On Asking Questions
At times during the weekly give and take of divrei Torah that are presented I will pose and point out a question for which I have no ready answer. A concern was raised that since the ma’amorim go out on the internet and non-religious people might see them, they might get the impression that we, the religious, also don’t understand the Torah.
The Other Track
My feeling is that the case can be made on the other track just as easily. The non-religious person will see that we are not naïve and not afraid, as some, if not many, believe, or that we accept everything and anything without question. The questions are asked. But we also know how to keep going, question or not. There is a well known Yiddish expression – “Fun a kashya shtarbt mehn nisht (one doesn’t die from a question).”
In fact, questioning and attempting to answer is one of the main ways to grow in Torah. Three episodes from Rav Shach on the Hagadah are instructive.
“One of Rav Shach’s students came to visit him on the first day of Pesach. ‘So where were you for the Seder last night?’ asked Rav Shach. ‘By my parents.’ ‘And did you ask the Mah Nishtanah (the Four Questions)?’ ‘No, my little girl did that.’ ‘That’s not good,’ Rav Shach told him. ‘Each generation should ask the one before it. Your daughter should ask you and you should ask your father.’”
The question and answer format is all important. Even if one makes a Seder individually, he should ask himself the four questions.
To Create and Destroy
Asks Rav Shach, “How can this be understood? Clearly, Hashem did not need to go through a trial-and-error process before obtaining the desired result. Rather, the world was created for the sake of the Torah and in accordance with the dictates of the Torah. The wisdom of the Torah is transmitted through discussions and dialogue, through questions and answers, through establishing working assumptions and then confirming or rejecting them. It was for this reason that the very creation of the world had to have these processes embedded into it.”
One of Rav Shach’s earliest students in Ponevezh related the following. “The morning after Rav Shach’s weekly shiur (lecture), Rav Shach approached me, tapped me on the hand, and asked if I had slept well the night before. ‘I slept well,’ I answered. But Rav Shach was not satisfied with my answer. ‘Tell me the truth, did you sleep well, really?’
“I answered in the affirmative once again, but the Rosh Yeshiva inquired once more. At this point, I became puzzled by his persistence and asked if there was something wrong with my appearance. He said that no, my appearance was fine, but nevertheless he thought that I might not have had a good night’s sleep.
“Then he asked, ‘Were you in shiur (lecture) yesterday?’
“‘Certainly!’ I answered, and added, ‘I can even repeat the whole content of the shiur now if the Rosh Yeshivah would like me to!’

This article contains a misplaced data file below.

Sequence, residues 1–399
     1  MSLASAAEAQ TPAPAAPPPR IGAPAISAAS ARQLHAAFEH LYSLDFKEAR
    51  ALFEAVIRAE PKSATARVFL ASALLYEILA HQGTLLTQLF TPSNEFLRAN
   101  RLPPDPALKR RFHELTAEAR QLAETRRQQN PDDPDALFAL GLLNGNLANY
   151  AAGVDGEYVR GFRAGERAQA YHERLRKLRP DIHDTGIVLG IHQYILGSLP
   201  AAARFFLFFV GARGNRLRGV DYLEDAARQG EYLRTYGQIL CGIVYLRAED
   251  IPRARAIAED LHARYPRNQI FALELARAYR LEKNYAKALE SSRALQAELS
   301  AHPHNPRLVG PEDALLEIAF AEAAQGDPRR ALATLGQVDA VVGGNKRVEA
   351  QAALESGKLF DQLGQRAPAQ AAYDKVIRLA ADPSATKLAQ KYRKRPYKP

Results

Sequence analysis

“‘That is not necessary,’ he answered. ‘But tell me, what did we end the shiur with?’
“‘A strong question on the Rashba,’ I answered confidently.
“‘When one is left with a question on the Rashba,’ he admonished, ‘how is he capable of sleeping on his bed in peace and tranquility? I myself didn’t sleep the whole night! Yet you tell me that you slept, as if there was nothing on your mind to interfere with your sleep!’”
Back to the Concern
Of course, all this had nothing to do with the aforementioned concern. I only used it as an opening to bring before the reader the great importance of asking questions and attempting answers in learning Torah.
In regard to the actual concern, I queried a Rosh Yeshivah whom I often ask regarding such issues. He felt there was no problem involved here.
On Asking Questions – Part II
When a question is to be asked, one must be careful that there not be a self-serving element behind it. After the akeidah (the binding of Yitzchok), when Hashem told Avrohom to release him, Avrohom asked Hashem, “I will present my question to You – previously You said to me, ‘Through Yitzchok will offspring be considered yours.’ Subsequently, You said, ‘Please take your son and bring him up as an offering.’ Now You say to me, ‘Do not send forth your hand at the lad.’” Hashem answered him, “I never said sacrifice him, but rather bring him up. You have brought him up. Now take him down.” 
The question is asked that the main thrust of Avrohom’s question could have been asked earlier. “First You said that your offspring will be considered through Yitzchok and now (at that time) You say bring him up for an offering?”
Why didn’t Avrohom ask it at that time?
No Self-Serving Questions
They answer that a person doesn’t ask questions where he potentially has something to gain. A question at such a time reveals an underlying hope to change what is being commanded, i.e. “How can You ask me to sacrifice Yitzchok when You promised me that he represents the future?” That would reveal an underlying opposition to the proposal or command. However, after everything was finished he asked, in order to clarify the seemingly opposing statements.
With this example we can clarify a lot of “questions.” There is a famous story regarding Reb Chaim Brisker. He once encountered a man who had become a non-believer. He admonished the man. The man answered him that he had too many questions and problems with religion and for him to observe religion would be an act of self-deceit. However, if Reb Chaim would answer his questions …
Reb Chaim agreed to listen to his questions but first asked him if the questions that bothered him came first or his rejection of Torah came first. The man didn’t understand the difference. Reb Chaim answered that if his questions came first he would be able to answer them all and set him at ease. However, if his rejection came first, then the questions were not questions but rationalizations which are basically an unwillingness to hear.